Yeghishe Tatevosyan (1870 – 1936) was born in Vagharshapat (now Echmiadzin) and was the founder of the “Union of Armenian Artists” in 1916. In 1931, he painted this scene [FIGURE 2] of a lone man sitting on a park bench on a cold evening and looking across the water to the city skyline of Constantinople on the far horizon. With impressionistic brushstrokes and a subdued palette of pinks, blues, and browns, Tatevosyan has captured what scholars have deemed the condition of the modern era during the early part of the 20th century: though surrounded by metropolitan growth, man nonetheless finds himself alone. Calling it a “masterpiece,” Grigorian passionately points to the bare tree on the right that balances the composition both visually as well as symbolically, as it reaffirms the lonely and rather lifeless feeling experienced by the man on the bench. Might the man’s gently-tilted head possibly suggest a longing to belong, but his body facing in the opposite direction points to the impossibility of that desire? Reading the painting through a diasporic lens, one might ask if the solitary protagonist doesn’t represent the diasporic Armenian of the first half of the 20th century who found himself immersed in, yet not part of, his new home(s).
Panos Terlemezyan (1865 – 1941) was from the city of Van in historic Armenia and served as its mayor too. He was also one of the leaders of the Resistance of Van in 1915 and, following the Genocide, lived in a number of countries but eventually settled in Armenia in 1928. In 1941, to acknowledge his contributions to Armenian art, the art school that had been founded a couple of decades earlier was renamed in his honor: Terlemezyan State College of Fine Arts. This painting [FIGURE 3], dated 1936, depicts the dilapidated balcony of a contemporary house in Yerevan, a glum signifier of the dire conditions in Armenia at the time. Grigorian rightly notes, “There is no human figure there, but there is a human presence,” and points to the coat hanging over the banister, the glass bottles lined up beneath the window, the big bucket hanging on the wall, the haphazard electrical wiring, and even what appears to be a rope connecting the stairs to the banister. For collectors, paintings – with such evocative and realistic details such as these – transport them to different worlds. “When you stand in front of this picture, you feel you are in that yard, you are right there . . . the way he has done it is so original, as if it’s so alive, as if you are standing there and being present in that scene.” As the city of Yerevan currently undergoes structural reconstructions and renovations, it is paintings like Terlemezyan’s that preserve the historic old structures, as well as the people’s way of life and daily reality. The collector’s delight in his collection is amplified: not only is he able to be transported to a different time and place, but through his collection, he also becomes a vehicle in the preservation of his people’s history.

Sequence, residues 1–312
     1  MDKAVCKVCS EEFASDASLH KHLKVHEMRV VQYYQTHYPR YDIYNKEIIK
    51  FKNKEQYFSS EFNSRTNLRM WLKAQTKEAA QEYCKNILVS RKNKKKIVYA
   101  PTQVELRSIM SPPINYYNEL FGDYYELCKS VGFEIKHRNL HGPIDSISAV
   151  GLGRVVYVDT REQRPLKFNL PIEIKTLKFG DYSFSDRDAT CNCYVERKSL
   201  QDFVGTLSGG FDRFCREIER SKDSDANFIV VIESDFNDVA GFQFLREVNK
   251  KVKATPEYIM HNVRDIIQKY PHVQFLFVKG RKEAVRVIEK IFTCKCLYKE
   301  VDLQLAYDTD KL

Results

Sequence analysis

Jean Jansem (1920 – 2013), born Hovhannes “Jean” Semerdjian, was born in Bursa, Turkey. His family fled to Greece when he was two years old and moved to France when he was 11. He became an influential painter of the 20th century, exhibiting and receiving recognition in many different countries, including France, Italy, Switzerland, the United States, England, Japan, Russia, and Armenia. As a descendant of Genocide survivors, it appears that he may have carried the pain of the historical trauma brought about on his people, similar to many other Armenian artists of the 20th century. The emotionally-charged painting “The Woman Sleeping” (c. 1960s) [FIGURE 4] pulls the viewer in to become an unwilling intruder in the barren room and to stand over the “detached [and] vulnerable” young girl curled up on the bare and cold floor. Grigorian suggests that “[Jansem’s] characters are hiding themselves from reality” and that they “are always people who are carrying a huge burden on their shoulders.” In other words, Jansem’s painting – and the fact that Grigorian is drawn to its subject – might suggest that the horror of the Genocide continued to impact the ensuing generations of Armenians in the diaspora. The aftershock of this moment in history unrelentingly impacted the lives, experiences, and identities of Armenians everywhere and bound them to one another by the thread of this historical memory, an ever-present burden on their diasporic identities. My prior research has revealed that artists used their art to visually confront and articulate this calamity endured by their people. Here I propose that art collecting is an equally effective process through which the diasporan, like Grigorian, negotiates his identity and composes the narrative of the Genocide. In this process of reconstructing a visual testimony of genocide and survival – and collecting it – I suggest that artists and collectors adopt the role of witnesses, becoming the historians, chroniclers, and storytellers who preserve the memory of this colossal crime and prevent its erasure.